We like breaking down the tape at Steelers’ Depot. But alas, we are not former offensive lineman and don’t bring the expertise those who did it for a living have.
Former Pittsburgh Steelers’ offensive lineman Max Starks and ex-center LeCharles Bentley paired up to do an in-depth breakdown on the state of the Steelers’ current starting five. Bentley has created a successful offensive line academy that players like Kelvin Beachum have gone and trained to during the offseason. Bentley has established himself as one of the best evaluators of offensive line talent in the game.
A quick synopsis on each of the five, according to them.
Alejandro Villanueva: “On the flip side, his mechanics have not caught up with his heart. His primary issue is found with the stance. This has lead to many of the inefficient patterns he’s displaying thus far. We noticed his left heel is too high off the ground, while his foot is pointing relatively straight ahead. This inappropriate position leads him to shorten the edge way too soon upon taking his first kick into his pass set.”
They also acutely pointed out Villanueva usually run blocks out of a three-point stance, even when the offense is in shotgun and wants to sell the idea of a pass.
Ramon Foster: “Foster has the tendency to play way too flat to the line of scrimmage. He and the LT struggle to pass games off because they are on two different levels.”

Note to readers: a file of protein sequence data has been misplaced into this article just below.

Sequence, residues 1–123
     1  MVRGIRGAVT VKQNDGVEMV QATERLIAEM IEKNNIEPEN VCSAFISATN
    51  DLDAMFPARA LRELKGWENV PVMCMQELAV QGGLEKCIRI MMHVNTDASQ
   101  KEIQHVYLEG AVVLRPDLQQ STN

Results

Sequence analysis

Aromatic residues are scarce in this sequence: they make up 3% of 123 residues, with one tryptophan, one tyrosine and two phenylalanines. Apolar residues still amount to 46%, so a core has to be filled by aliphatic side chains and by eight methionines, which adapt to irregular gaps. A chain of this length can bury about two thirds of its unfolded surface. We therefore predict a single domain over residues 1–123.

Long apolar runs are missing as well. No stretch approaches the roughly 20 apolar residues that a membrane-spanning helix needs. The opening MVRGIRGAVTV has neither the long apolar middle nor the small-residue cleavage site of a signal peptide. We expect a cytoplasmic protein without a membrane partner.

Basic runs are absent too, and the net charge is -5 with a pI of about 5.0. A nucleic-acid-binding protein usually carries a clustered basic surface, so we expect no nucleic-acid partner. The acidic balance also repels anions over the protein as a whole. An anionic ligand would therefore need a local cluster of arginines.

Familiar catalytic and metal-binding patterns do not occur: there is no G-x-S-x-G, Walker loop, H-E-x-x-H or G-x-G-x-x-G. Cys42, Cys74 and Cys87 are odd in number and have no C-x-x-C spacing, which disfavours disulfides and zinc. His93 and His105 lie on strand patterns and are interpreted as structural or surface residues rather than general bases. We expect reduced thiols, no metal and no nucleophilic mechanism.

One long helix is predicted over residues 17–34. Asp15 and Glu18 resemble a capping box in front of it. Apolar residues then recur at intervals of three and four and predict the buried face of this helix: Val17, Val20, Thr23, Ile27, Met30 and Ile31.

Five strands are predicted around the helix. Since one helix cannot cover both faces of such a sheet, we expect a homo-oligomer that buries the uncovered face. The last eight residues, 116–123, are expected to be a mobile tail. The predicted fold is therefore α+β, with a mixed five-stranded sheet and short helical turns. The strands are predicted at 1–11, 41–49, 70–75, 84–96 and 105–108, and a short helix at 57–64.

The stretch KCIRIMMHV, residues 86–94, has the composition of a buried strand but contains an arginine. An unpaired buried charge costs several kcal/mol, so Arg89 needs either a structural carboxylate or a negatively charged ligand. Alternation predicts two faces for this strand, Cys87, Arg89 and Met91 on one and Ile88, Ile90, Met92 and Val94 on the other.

We’ve written about the issues of Foster and Villanueva staying on the same level, leading to pressure and sacks. You’d have to think his lack of depth is something that is coached, or at worst, been accepted by Mike Munchak, and a new guy like Villanueva is struggling to adjust to that.
Cody Wallace: “Cody Wallace is the guy that has to do everything right on the field to be successful. He’s undoubtedly the tempo setter of this group. The issue we have with Cody is the fact he has not developed a better understanding of how to use his hands in the run game when matched up one on one.”
Bentley has always been a big fan of Wallace’s toughness and heart. While he has pointed out his physical limitations, it’s no surprise to see him get overall positive remarks.
David DeCastro: “DeCastro has not lived up to the pre-draft hype but he has developed in to a very solid guard in the NFL…DeCastro is able to get by with this bad habit because he is still relatively young and athletic for a guard. This is why you will sometimes see very good plays with him, then suddenly see something that makes you scratch your head.”
This is relatively in-line with what I wrote last week, at least from a broad evaluation standpoint. DeCastro is a good player but not a great one and hasn’t reached the potential some thought when the Steelers took him in the draft.
Marcus Gilbert: “A giant issue with Gilbert is the fact he does not have a consistent stance. We counted three different stances with the fourth being something out of a horror movie.”
They note his stance against Khalil Mack and the Oakland Raiders was his best look. They were harsher on Gilbert than I anticipated, also pointing out poor pad level as a run blocker. I’m higher on Gilbert than they are, for whatever that may be worth.
They conclude that while the Steelers’ lack name-value, they’re a tough bunch who are “holding true to the culture” Steelers’ lineman have.
The two wrote a lot more on the state of the Steelers’ line and I definitely encourage you to check out what Bentley and Starks have to say if you want to be a more educated football fan. Again, here is the link.